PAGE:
Popular in many cultures and found throughout the world. Beans have an array of health benefits and can be quite tasty as well! With so many to choose from, let’s look at the difference between two of the most popular ones- edamame vs lima beans.
Key Differences Between Edamame Vs Lima Beans
While edamame and lima beans are both shelled beans, they have several differences. The key differences between edamame vs lima beans are that edamame is a complete protein source, containing all nine essential amino acids. Edamame beans are a (young) soybean, and lima beans are not soybeans. They will also have different tastes that are discussed below.
Types of Beans
Beans are an important part of eating a well-rounded and plant-based diet. There are two types of fresh beans, edible-pod beans, and shell beans. Edible-pod beans are eaten in their entirety, including the pod-such as green beans, also known as string beans and snap beans. Shell beans include edamame, lima beans, and fava beans. Shell beans that are harvested young can be eaten in their entirety or shelled for the beans. As they mature, typically, the pod is removed, and only the bean is eaten.
Are Lima Beans and Edamame Legumes?
Yes, in fact, all beans are a subgroup of legumes. This includes soybeans, which edamame is a type of soybean. Other beans such as navy beans, kidney beans, lima beans, pinto beans, black beans, string beans (green beans ), and garbanzo beans (chickpeas) are also part of the legume family. It’s important to note that some people with a soy allergy may also react to other legumes.
Another name for edamame is immature green soybean or young soybean, as they are soybeans that are harvested when the beans are still young and soft and a deep brighter green color. Edamame is of Chinese origin, dating back thousands of years. It was later introduced to Japan, where it has been popular ever since.
What Does Edamame Taste Like?
Edamame beans have a light buttery pea taste with a hint of sweetness and nuttiness. Cooked al dente (slightly firm) are firmer than a pea but soft with a flavor kick. After being cooked or boiled, they can be shelled and added to other dishes, or you can easily suck the beans out of their shells.
What can Edamame be substituted with?
A few good edamame substitutes are green peas, fresh fava beans or broad beans, and lima beans. Sugar snap peas or black-eyed peas are additional options.
Lima beans are the most common shell bean sold in the United States; they are also commonly referred to as butter beans. Lima beans originated from Peru and are named after the capital of Peru, Lima. Lima beans come in three main varieties large, small, and dwarf.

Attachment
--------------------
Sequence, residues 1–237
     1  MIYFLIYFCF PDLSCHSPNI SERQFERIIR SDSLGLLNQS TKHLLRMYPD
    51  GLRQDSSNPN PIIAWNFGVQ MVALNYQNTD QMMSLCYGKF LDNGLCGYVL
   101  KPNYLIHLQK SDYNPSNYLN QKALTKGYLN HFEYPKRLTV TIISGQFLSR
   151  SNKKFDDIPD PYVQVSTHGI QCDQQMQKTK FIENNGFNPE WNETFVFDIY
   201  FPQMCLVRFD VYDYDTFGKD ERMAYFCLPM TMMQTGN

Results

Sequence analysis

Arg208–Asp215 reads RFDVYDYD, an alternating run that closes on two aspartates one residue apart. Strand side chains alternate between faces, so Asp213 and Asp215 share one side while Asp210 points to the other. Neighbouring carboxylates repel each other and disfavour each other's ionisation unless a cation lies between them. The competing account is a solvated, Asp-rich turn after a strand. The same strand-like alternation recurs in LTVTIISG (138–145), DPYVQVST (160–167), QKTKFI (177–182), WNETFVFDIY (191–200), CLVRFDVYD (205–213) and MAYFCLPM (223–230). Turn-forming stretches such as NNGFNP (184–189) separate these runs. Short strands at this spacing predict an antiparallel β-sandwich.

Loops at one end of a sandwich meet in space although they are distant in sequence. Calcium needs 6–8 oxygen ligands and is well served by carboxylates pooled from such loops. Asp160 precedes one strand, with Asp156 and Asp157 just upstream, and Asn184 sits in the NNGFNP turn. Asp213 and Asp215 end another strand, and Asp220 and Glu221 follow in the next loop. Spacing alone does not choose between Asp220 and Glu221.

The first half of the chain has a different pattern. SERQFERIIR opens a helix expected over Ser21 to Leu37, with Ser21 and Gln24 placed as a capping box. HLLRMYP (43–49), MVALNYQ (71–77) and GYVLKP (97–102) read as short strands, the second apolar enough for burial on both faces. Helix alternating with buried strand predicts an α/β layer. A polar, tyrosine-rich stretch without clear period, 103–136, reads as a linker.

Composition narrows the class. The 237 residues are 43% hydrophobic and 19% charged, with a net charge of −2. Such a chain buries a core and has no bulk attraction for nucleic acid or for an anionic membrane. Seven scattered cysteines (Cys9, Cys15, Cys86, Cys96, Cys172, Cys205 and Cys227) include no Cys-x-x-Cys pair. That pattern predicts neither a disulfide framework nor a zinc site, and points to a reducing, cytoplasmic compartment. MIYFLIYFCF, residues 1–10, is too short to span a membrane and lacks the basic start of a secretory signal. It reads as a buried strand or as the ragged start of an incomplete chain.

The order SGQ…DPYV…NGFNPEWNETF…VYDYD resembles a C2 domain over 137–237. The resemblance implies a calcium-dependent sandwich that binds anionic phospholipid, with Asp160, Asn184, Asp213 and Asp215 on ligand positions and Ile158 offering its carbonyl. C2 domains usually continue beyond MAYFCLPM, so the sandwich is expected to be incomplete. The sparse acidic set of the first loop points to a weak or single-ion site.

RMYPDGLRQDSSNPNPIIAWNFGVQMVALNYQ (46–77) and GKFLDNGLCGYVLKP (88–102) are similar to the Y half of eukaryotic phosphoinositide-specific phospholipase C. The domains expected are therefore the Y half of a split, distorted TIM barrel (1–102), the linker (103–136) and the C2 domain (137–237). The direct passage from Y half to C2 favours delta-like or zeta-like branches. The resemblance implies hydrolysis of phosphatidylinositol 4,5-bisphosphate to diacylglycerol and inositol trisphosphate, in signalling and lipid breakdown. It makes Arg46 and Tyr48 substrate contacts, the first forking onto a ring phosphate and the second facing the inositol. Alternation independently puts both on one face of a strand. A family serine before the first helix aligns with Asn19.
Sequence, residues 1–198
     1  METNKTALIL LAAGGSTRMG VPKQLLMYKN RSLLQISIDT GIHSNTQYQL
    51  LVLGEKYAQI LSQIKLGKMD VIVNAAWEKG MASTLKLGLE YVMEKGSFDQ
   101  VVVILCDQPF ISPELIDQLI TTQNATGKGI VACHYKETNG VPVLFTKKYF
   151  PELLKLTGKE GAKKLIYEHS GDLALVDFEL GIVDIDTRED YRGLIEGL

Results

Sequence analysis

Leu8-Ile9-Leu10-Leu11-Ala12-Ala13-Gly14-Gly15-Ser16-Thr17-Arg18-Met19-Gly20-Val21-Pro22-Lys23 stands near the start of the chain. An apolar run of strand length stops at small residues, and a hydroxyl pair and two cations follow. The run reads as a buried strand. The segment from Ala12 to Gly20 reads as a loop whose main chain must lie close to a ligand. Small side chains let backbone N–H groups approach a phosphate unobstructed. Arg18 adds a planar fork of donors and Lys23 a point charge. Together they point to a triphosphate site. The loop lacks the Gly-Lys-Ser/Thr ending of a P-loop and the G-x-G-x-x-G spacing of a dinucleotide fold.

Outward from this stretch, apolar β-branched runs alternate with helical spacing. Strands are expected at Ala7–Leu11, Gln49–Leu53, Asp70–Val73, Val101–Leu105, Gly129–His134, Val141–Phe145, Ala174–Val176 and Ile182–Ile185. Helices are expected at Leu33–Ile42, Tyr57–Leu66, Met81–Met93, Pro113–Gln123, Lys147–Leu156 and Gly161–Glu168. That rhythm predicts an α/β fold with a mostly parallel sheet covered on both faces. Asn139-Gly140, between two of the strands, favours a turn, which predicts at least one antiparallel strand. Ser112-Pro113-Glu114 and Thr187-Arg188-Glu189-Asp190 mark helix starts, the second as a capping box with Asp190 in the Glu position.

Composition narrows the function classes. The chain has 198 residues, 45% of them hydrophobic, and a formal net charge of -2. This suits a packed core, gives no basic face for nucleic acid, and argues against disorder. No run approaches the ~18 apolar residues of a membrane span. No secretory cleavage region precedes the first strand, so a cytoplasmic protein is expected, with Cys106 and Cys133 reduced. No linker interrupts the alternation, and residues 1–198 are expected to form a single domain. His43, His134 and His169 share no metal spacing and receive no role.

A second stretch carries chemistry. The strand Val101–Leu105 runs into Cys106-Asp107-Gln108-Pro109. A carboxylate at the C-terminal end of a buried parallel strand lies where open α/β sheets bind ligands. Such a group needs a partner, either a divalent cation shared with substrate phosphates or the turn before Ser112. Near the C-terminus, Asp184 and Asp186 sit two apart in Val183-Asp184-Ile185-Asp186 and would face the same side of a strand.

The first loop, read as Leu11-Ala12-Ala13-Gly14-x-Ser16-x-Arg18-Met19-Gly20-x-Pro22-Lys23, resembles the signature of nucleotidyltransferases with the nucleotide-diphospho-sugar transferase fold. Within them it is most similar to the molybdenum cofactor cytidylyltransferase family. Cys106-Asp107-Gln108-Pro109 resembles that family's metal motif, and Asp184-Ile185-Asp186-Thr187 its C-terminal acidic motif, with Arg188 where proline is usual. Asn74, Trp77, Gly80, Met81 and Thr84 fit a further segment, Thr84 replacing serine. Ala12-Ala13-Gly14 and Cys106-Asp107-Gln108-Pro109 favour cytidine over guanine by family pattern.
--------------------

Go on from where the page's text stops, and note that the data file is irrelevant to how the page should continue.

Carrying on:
Large lima beans are typically speckled or green in color. The speckled variety has a creamy texture and an earthy flavoring. The small lima beans are pale green and less starchy than large lima beans. Dwarf beans are white and speckled, the least starchy of the lima bean varieties, and the mildest tasting.
What do Lima Beans Taste like?
When it comes to lima beans, dried lima beans (beige in color) or fresh lima beans (green in color) are much tastier than lima beans from a can. When lima beans are properly cooked, they will have a creamy texture with a rich and buttery flavor. The large lima beans have more of an earthy flavoring and creamy texture. The smaller lima beans or baby lima beans are the mildest in taste and the least starchy of the lima bean varieties.
What can Lima Beans be substituted with?
If you are out of lima beans, you can substitute with fava beans, red or white kidney beans which all make good substitutes for lima beans.
Edamame beans and lima beans both have great nutritional benefits. Edamame beans and lima beans are both naturally gluten-free. They are both low on the glycemic index scale, which helps in managing blood sugar levels.
They are both a great source of dietary fiber! Edamame beans have about 8 grams of fiber, and lima beans about 13 grams of fiber per cup.
Edamame and lima beans are great sources of protein, although edamame has twice the protein of lima beans, making it a protein champion. Edamame is the only vegetable that is a complete source of protein, containing all nine essential amino acids. Edamame also contains isoflavonoids, which are being studied as potentially helping protect against age-related diseases. One cup (155 g) of cooked edamame contains about 17 grams of protein!
Edamame is a good source of many vitamins and minerals such as potassium, phosphorus, calcium, manganese, omega-3 fatty acids, B-vitamins, vitamin C, and vitamin E.
Lima beans outperform edamame when it comes to vitamin C, though, coming in at about 4 times the amount of vitamin C. Lima beans are also a good source of vitamins and minerals, including folate, thiamin, vitamins K and E, as well as source of beta-carotene, which is a source of vitamin A as well as manganese, potassium, copper, magnesium, phosphorous and iron.
Which is the Healthier Option?
Both edamame and lima beans are a good choice when it comes to your health. Both are full of protein, vitamins, and minerals that are beneficial to your health. The healthier option comes down to which will you eat and enjoy more?
Interested in more beans? Yes, please!
Karla Kueber is a Certified Evidence Based EFT Practioner and Health Coach, with a double Masters Degree in Education. She works with people to overcome emotional eating, curb cravings, and overcome resistance to eating new healthy foods. You can learn more about coaching with her here.